Do I need a CISO?
A Chief Information Security Officer is a senior-level executive responsible for protecting your data and intellectual property, and your information systems and processes. They understand your business strategy, your legal and market requirements, and your business’s risk appetite, and they ensure that these are all met.
They are also responsible for planning and implementing a business’s IT security strategy to make security decisions, to assess risk, and to keep the C-suite apprised of risk and risk management.
More broadly, they provide leadership and management throughout the business at an IT, process, and cultural level.
The fact is that security has become an enormous concern in our lives, and we need to keep our eyes open.
In a business the problem is magnified ten- or a hundred-fold. Aside from email and phone scams, which target businesses as well as individuals, there is a security risk every time your business hires a new employee or vendor, inks a new contract, connects your network to a new device, outsources any task, even makes a simple financial transaction. The risk is bigger when you take on investors or merge with or acquire another company.
This is why many companies hire a CISO. This is not the person who will help your company streamline its systems and processes or guide it through an ERP project. Nor is it the person who will set up the firewalls or install anti-virus software. Instead, a CISO is a strategic hire to put security at the heart of your business systems and processes.
CISOs become especially valuable as businesses become larger and more established. The job of security and risk management will simply become too big for the CIO or CTO. Another way to look at it is that the CISO frees up the CIO to implement the IT and technology that will help the business grow.
In the meantime, you can read CIO vs CTO: What’s the difference?
Why does it need to be someone in the C-suite? Because security is not simply a tech matter. Many of the highest-profile hacks have affected companies with highly expert teams and the most sophisticated security technology. Good security requires a commercially-minded leader who fully understands the detailed technical issues rather than just a technical expert.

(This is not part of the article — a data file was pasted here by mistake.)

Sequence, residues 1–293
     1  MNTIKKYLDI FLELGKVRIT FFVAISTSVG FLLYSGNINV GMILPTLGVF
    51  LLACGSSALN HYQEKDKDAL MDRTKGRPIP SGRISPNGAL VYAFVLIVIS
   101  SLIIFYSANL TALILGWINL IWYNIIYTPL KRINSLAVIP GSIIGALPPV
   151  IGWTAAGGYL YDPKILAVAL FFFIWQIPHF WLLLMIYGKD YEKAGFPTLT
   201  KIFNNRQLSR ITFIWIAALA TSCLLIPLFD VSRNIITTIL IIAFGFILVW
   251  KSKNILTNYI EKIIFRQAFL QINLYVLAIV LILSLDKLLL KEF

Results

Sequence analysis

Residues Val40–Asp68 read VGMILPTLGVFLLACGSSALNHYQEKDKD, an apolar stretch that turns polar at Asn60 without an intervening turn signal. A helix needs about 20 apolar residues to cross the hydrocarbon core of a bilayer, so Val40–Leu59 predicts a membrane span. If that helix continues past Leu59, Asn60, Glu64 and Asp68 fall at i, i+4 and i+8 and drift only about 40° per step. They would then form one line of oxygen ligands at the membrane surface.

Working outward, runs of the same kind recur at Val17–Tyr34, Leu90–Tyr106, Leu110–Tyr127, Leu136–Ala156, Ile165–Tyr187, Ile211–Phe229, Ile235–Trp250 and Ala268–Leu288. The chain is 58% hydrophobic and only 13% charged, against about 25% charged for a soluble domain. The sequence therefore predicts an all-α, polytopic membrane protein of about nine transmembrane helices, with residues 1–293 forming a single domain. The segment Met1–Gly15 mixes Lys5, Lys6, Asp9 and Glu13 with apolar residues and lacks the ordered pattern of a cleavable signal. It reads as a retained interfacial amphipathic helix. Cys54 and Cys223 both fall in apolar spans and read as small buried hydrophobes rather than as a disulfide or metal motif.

A serious security lapse could cause your business catastrophic financial and reputational damage. A minor security lapse will cost you time and money. Any kind of lapse may have legal implications, resulting in lawsuits and fines.
On the other hand, addressing security concerns can provide a marketing advantage. In many industries, companies select suppliers who have impressive cybersecurity and compliance certifications. Thus having a credible leader like a CISO enables you to gain new clients, or secure funding, or generally raise your business’s profile.
CISOs are highly specialized and in-demand, so they command high salaries. Many mid-market businesses simply can’t afford to pay another executive’s full salary. Or they may be in an in-between stage where the security concerns are too time-consuming for a CIO but don’t yet merit a full-time salary. That’s why we often suggest a “fractional” or part-time CISO.
If you have questions about CISOs — or any other aspect of IT and technology, feel free to get in touch. We’re always up for a no-strings conversation about cybersecurity or any other aspect of running a mid-market business.
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